To be sure it wasn’t a typo I also tried to copy and paste the method from your OSManagedDocument code but it still stops at the same code. I really don’t know why, maybe is something related to the fact I am using a single UIManagedDocument as my app db, it is not a library style app. I also tried to close it and use moveToCloud only after it was closed succesfully.

        This iCloud thing is driving me crazy, it’s three weeks I am on it and the only progress I made are related to the app flow thanks to the advice you gave me on SO. It is exactly as you show in your video now. But still I can’t move my damn single UIManagedDocument to and from iCloud.

  2. great tutorial thank u!
    in this method
    – (void)migrateFilesIfRequired
    {

    // If iCloud has been ENABLED migrate local files to iCloud

    [self migrateLocalFilesToICloud];

    // If iCloud has been DISABLED migrate iCloud files to local

    [self migrateLocalFilesToICloud];

    }
    u would probably need to change the last piece to [self migrateICloudFilesToLocal];

      • could u please post the code for [self postFileUpdateNotification];
        or its just posting notification?

      • It’s just posting a notification for the FileListViewController (an observer) so it knows to rescan and update the file list.

        /*! Posts a notification that files have been changed
        */
        - (void)postFileUpdateNotification {
        [[NSNotificationCenter defaultCenter] postNotificationName:@"iProjectFilesUpdated"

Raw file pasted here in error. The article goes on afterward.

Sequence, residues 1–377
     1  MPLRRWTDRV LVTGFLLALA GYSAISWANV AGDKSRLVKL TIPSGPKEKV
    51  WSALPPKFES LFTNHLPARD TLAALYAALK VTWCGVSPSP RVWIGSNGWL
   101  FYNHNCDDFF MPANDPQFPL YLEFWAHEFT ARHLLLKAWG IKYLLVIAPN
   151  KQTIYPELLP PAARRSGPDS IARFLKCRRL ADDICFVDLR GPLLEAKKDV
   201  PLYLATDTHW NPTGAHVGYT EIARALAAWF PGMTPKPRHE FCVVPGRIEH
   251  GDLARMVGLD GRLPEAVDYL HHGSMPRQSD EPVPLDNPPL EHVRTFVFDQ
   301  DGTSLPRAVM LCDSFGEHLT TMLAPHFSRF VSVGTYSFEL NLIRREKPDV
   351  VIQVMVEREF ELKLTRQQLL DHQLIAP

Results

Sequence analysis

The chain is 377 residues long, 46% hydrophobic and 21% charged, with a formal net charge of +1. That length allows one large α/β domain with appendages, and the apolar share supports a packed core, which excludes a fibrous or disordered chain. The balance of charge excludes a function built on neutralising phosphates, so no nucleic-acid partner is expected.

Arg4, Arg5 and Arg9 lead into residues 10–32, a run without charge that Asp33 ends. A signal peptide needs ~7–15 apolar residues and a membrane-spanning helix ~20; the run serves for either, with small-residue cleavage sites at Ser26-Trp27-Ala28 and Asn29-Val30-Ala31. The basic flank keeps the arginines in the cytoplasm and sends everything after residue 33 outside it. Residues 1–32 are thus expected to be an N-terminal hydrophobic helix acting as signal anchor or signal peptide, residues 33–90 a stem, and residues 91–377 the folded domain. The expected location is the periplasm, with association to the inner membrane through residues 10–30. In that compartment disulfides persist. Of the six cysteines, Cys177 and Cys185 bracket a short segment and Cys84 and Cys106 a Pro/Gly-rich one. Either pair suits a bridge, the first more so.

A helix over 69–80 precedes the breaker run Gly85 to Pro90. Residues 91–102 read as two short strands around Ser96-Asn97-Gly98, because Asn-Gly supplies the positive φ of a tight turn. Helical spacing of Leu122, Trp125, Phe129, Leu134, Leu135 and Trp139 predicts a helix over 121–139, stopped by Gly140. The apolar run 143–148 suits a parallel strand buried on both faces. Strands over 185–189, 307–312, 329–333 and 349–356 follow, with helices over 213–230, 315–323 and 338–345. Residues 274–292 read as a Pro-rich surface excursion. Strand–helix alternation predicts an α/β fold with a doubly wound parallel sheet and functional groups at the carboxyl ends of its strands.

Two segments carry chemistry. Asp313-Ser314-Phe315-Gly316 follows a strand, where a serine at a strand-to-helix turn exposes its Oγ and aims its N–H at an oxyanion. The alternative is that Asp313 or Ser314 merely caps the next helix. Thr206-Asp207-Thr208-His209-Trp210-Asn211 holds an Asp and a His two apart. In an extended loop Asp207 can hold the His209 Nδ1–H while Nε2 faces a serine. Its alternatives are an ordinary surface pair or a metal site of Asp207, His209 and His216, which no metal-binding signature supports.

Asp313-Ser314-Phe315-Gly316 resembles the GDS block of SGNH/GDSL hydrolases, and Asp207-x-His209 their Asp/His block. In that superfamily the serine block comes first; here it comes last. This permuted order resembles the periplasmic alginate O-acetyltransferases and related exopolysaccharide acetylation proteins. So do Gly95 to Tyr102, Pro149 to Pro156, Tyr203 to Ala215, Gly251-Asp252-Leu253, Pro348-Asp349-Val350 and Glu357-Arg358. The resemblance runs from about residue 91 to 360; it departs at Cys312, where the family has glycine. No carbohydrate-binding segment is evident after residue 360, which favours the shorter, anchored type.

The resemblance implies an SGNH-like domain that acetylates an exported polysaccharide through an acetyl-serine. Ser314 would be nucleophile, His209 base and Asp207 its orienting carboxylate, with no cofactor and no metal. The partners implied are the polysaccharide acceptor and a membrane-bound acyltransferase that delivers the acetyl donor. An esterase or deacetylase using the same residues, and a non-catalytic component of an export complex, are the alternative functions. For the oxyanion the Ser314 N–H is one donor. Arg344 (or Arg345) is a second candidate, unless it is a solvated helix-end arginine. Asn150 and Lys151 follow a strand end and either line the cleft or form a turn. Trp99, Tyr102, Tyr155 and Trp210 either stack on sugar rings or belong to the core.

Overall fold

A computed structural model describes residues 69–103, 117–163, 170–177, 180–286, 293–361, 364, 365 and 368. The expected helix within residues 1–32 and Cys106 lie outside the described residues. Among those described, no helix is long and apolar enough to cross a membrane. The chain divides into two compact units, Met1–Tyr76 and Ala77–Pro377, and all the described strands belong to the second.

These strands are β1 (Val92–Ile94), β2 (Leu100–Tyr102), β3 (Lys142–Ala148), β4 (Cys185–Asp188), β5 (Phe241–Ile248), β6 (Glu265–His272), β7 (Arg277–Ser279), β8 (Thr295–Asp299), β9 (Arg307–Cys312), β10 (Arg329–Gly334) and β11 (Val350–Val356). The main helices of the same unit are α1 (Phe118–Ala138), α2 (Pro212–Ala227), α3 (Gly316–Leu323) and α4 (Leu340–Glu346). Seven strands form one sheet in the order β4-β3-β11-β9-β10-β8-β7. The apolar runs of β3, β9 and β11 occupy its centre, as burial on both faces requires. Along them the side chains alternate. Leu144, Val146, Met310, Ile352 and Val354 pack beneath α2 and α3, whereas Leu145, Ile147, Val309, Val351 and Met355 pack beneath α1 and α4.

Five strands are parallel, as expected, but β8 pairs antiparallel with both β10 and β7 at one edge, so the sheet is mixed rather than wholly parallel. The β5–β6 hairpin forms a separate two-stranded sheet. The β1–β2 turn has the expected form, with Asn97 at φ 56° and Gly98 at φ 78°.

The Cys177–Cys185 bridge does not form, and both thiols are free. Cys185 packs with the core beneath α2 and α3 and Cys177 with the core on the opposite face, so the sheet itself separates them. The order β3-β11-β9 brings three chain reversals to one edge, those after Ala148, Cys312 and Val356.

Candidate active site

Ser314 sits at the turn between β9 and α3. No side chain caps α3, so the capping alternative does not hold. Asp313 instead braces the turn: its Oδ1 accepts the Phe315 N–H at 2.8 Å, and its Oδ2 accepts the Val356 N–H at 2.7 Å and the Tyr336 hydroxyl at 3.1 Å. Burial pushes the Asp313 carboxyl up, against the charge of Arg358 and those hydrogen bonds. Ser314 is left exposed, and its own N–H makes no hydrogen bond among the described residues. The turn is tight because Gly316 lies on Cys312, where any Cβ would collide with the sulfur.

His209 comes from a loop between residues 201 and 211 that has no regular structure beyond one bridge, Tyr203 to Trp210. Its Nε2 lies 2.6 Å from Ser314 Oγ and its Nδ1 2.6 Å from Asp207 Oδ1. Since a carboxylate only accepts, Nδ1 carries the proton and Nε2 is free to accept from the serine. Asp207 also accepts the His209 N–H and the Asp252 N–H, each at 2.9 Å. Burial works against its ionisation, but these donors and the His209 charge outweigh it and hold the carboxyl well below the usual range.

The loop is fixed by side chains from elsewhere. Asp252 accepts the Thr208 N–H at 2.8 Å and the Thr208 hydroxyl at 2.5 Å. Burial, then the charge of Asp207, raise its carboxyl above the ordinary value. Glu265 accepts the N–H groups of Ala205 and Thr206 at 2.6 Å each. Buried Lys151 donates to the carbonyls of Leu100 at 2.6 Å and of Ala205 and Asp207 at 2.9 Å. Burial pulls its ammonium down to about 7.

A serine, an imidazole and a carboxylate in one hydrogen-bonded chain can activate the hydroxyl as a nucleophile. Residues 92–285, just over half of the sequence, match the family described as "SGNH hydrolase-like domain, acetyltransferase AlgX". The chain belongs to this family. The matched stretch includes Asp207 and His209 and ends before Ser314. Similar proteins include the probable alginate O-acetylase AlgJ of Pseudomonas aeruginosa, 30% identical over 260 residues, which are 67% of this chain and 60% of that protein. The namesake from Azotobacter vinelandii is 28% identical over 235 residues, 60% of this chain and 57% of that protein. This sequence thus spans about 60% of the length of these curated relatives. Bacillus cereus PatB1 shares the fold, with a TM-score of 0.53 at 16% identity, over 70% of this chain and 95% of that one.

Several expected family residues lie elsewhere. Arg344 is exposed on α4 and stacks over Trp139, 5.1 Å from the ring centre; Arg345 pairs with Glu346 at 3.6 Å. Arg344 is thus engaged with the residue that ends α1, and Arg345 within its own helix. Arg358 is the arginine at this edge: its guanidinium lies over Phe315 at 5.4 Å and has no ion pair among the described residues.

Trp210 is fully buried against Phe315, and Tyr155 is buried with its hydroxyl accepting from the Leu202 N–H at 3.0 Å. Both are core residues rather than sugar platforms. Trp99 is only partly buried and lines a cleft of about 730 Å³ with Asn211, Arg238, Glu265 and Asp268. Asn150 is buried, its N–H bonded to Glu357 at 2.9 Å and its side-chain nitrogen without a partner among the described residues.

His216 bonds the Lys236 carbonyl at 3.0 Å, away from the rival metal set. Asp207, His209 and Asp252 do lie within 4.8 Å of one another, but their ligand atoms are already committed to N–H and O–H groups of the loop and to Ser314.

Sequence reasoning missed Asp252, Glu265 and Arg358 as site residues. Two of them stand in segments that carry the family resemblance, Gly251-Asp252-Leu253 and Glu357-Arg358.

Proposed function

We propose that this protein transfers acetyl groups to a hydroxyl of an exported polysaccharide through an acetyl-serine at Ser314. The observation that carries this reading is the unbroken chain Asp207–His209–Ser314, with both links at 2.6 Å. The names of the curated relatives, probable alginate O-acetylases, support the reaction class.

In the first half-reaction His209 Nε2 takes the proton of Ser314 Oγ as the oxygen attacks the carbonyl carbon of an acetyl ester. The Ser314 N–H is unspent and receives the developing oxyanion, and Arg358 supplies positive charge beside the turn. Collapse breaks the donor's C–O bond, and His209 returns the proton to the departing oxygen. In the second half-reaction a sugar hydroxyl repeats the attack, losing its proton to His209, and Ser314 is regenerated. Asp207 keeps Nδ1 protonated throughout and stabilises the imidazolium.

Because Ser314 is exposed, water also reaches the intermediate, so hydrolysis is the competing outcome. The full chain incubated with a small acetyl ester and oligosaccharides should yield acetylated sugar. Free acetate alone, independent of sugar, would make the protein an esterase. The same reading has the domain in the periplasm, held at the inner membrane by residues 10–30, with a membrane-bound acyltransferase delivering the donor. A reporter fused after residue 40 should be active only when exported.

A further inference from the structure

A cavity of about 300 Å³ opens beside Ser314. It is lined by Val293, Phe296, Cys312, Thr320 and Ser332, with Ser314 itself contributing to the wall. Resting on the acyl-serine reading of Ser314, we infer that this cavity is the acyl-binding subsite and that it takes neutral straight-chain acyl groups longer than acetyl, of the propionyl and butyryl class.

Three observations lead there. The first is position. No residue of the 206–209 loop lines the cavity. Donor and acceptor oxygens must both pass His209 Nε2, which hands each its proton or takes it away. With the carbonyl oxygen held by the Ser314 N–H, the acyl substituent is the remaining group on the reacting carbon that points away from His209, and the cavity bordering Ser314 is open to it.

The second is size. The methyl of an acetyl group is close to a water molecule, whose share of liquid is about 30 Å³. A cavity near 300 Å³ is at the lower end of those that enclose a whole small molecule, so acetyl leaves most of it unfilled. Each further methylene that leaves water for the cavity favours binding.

object:self];
        }

      • and last question 🙂 As i understood we dont keep document packages in icloud, we only keep logs there? then how do i recreate the data on the second device? create new clean managed document and set its persistentstoreoptions’ contentnamekey? and wait for an update? If so, how do i check if there are any logs in icloud?

      • I’ll have to post some of the FileListViewController code which does the metadata query on the ubiquity container and scans for new or deleted files. If a deleted file is detected the delete method in your previous query gets called. If it’s a new file in iCloud then a new file is created with the same UbiquityName. I’ll post it in the morning for you.

      • Thanks, would be great. Ur post helped me out a lot, it covers almost everything i ever wanted to know about UIManagedDocument and iCloud. loading and creating initial documents is the last thing missing 🙂

    • I have just updated to include the FileListViewController and I have restructured the code to remove file and document management code from AppDelegate and from FileListViewController. So pretty much everything is now in OSDocumentManager, but be aware I have not tested the refactored code properly yet.